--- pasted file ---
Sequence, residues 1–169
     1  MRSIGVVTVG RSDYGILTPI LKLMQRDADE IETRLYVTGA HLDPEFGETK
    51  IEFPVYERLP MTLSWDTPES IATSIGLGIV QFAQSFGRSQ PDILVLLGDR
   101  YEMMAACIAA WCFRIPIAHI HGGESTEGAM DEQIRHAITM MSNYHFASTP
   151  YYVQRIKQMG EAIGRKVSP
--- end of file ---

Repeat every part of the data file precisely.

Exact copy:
Sequence, residues 1–169
     1  MRSIGVVTVG RSDYGILTPI LKLMQRDADE IETRLYVTGA HLDPEFGETK
    51  IEFPVYERLP MTLSWDTPES IATSIGLGIV QFAQSFGRSQ PDILVLLGDR
   101  YEMMAACIAA WCFRIPIAHI HGGESTEGAM DEQIRHAITM MSNYHFASTP
   151  YYVQRIKQMG EAIGRKVSP